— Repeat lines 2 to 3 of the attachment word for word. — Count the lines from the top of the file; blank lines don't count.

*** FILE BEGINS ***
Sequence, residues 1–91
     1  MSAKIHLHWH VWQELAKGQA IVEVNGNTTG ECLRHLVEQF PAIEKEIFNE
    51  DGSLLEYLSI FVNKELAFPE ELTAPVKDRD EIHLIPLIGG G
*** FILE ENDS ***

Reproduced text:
     1  MSAKIHLHWH VWQELAKGQA IVEVNGNTTG ECLRHLVEQF PAIEKEIFNE
    51  DGSLLEYLSI FVNKELAFPE ELTAPVKDRD EIHLIPLIGG G